I am totally into preventive health care – especially mental health care.
I practice preventive mental health care. It’s a program I came up with on my own based on a bunch of stuff I’ve read and been told by people I trust. It’s based on this simple premise: my brain is constantly producing or not producing chemicals and hormones. If there is too much of one chemical and not enough of another, I can sink into a black hole or leap tall buildings in a single bound.
The single, most powerful preventive tool in my little toolbox is exercise. Exercise prevents both depression and mania. It releases endorphins, hormones that activate my opiate receptors. As for my mania, exercise is like a fire extinguisher, snuffing out that burning desire to leap tall buildings in a single bound.
There was a time when I wanted a really big house. A two-story house with big bedrooms and bathrooms with his and her’s sinks – even though there is no “his.”
My siblings have huge houses on big chunks of land. BIG – as in having an intercom so the kids can ask mom to bring some snacks down to the basement, where they have gym, pool table, bar and movie room. You can put a 20-foot Christmas tree in their living rooms and it won’t hit the ceiling.
My house is 1,332 square feet on .17 acres. No basement. No upstairs. Right now, I absolutely love it. I have the windows open and it is raining. When you live in a very small house and you open the windows during a rain, it sounds like you are actually outside, in the rain. Surround-sound rain but you are cozy and dry.
In the words of the philosopher Crow: It’s not having what you want, it’s wanting what you’ve got.
This is gratitude and it is an entirely impossible state of mind when you have depression. If you want to get a taste of what depression feels like, it is the complete absence of gratitude. It is compounded by friends and family trying to cram gratitude down your throat…”You have so much to live for…”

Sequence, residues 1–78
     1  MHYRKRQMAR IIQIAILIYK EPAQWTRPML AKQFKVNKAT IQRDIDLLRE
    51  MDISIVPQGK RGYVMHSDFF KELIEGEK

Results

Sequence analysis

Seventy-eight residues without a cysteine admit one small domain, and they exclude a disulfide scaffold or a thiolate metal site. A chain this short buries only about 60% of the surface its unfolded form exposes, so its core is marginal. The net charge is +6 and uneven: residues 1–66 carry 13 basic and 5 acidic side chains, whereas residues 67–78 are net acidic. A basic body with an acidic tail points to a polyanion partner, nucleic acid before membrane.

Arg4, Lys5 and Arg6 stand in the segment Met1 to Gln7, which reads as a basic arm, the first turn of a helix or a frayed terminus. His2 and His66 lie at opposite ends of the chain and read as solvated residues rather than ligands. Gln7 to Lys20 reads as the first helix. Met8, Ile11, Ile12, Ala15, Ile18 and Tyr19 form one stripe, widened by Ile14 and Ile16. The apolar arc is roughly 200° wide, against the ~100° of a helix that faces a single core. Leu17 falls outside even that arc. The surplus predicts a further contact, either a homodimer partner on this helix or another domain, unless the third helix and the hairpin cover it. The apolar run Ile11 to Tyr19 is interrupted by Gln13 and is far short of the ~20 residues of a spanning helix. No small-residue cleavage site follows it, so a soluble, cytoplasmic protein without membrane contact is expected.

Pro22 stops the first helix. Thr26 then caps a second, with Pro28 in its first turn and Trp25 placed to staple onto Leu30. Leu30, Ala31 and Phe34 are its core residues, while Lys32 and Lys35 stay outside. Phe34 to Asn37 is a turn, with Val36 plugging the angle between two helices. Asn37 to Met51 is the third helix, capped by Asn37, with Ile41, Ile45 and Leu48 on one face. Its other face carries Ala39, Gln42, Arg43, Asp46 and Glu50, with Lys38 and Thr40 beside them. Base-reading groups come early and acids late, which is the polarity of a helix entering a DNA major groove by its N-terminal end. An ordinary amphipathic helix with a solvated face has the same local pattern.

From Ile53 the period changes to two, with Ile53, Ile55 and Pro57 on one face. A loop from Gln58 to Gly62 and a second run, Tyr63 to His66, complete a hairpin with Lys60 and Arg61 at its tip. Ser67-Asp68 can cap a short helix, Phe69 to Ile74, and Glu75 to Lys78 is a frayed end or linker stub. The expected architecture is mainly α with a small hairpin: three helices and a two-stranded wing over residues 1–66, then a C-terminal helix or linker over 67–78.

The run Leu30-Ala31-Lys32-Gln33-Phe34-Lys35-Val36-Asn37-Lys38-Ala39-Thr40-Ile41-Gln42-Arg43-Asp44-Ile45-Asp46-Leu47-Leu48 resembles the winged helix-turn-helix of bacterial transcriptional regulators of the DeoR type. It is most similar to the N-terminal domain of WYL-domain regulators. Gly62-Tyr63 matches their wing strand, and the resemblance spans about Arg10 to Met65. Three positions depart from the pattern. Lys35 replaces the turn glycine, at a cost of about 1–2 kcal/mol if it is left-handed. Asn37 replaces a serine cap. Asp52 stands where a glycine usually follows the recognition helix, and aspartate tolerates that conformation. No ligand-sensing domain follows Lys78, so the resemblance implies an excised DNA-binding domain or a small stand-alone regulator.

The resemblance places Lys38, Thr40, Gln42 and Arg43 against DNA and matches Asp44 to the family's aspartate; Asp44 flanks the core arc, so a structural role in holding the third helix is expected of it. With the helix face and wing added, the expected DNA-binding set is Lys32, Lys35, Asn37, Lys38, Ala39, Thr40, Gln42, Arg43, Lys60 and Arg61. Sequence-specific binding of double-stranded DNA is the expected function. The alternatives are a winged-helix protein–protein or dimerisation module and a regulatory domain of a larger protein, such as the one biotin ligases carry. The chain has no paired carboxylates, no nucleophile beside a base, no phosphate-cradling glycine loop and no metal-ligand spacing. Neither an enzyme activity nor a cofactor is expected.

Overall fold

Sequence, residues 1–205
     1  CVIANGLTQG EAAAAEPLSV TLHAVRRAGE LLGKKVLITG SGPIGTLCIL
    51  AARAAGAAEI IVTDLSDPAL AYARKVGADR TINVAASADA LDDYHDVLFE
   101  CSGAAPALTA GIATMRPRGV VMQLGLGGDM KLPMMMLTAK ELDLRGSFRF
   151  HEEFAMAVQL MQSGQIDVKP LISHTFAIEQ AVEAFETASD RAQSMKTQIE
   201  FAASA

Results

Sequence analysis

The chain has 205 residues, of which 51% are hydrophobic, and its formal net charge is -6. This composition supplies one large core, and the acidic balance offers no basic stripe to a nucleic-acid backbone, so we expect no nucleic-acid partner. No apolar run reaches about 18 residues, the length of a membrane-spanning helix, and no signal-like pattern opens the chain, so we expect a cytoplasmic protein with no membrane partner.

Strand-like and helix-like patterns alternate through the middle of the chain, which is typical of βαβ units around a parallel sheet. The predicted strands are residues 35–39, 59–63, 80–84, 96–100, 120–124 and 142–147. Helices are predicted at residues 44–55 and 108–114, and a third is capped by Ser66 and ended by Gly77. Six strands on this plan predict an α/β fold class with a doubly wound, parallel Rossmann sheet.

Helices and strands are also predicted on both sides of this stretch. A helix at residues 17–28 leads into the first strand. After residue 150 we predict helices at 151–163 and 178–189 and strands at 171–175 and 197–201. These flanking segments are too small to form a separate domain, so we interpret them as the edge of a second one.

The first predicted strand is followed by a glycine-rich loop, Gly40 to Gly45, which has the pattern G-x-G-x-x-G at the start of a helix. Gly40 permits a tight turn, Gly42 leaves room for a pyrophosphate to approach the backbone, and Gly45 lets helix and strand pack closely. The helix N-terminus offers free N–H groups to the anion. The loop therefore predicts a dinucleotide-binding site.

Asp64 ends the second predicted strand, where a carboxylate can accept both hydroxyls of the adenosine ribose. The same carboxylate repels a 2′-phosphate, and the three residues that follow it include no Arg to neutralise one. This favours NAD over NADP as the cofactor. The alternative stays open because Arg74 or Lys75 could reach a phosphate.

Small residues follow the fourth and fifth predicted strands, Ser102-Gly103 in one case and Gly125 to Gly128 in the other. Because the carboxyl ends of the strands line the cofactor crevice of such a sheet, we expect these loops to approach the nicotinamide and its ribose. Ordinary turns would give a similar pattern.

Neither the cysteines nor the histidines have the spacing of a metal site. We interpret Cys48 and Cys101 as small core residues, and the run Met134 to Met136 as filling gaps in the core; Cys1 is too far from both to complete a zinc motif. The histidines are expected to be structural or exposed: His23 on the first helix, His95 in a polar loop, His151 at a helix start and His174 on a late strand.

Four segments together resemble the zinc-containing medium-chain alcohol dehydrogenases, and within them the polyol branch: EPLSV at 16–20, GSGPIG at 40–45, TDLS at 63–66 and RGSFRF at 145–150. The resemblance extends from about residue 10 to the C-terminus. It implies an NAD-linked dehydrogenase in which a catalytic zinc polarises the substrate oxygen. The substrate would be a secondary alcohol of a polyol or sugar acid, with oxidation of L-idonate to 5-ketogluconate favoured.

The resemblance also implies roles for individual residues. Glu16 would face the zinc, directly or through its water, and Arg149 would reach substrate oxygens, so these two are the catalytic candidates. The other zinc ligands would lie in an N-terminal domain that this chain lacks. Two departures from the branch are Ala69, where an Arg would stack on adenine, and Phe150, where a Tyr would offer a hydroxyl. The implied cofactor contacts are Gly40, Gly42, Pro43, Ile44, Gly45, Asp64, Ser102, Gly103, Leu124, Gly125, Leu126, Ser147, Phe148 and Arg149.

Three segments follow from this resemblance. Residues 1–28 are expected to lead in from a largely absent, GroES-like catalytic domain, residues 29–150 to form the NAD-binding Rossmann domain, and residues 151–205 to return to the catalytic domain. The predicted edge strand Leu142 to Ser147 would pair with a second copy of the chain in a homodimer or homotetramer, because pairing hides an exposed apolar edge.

For those of you with depression who live in areas that are expecting life-threatening cold weather this week, I am not going to say “I feel your pain.” I don’t and I won’t insult you by saying it.
Although I have felt your pain in my lifetime, I do not feel your pain now because I live in Florida. I also won’t insult you by telling you what the weather is like in West Palm Beach right now.
I was born and raised in northwest Wisconsin and southwest Michigan. Phrases like “wind chill,” “lake effect,” “black ice” and “sub-zero” were part of my daily vocabulary for about five months of the year.
The only thing worse than the temperature was the sky – so uniformally gray that it looked like someone had painted it one solid color. There were no clouds per se – just one massive, flat gray cloud that covered the entire sky for as far as you could see. Nine hours separated sunrise and sunset but it would be months before you would ever see the sun again so it didn’t really matter if it was day or night.
I don’t do resolutions but apparently a lot of people do because the gym was packed this morning.
If something needs to change, I change it. Relying on a number on a calender has never worked for me. Trust me. I’ve tried it. You can ask any alcoholic and they will tell you they have set deadlines and then either missed them or got sober for a few weeks and then they’re back at it.
It’s the same with dieting. If you can go ON a diet, you can go OFF a diet. You want to lose weight or quit smoking or drinking, you just do it – not because it’s a certain day of the year. Because it needs to be done and every cell in your body is convinced of that truth. In the words of the philosophers at Nike: Just do it.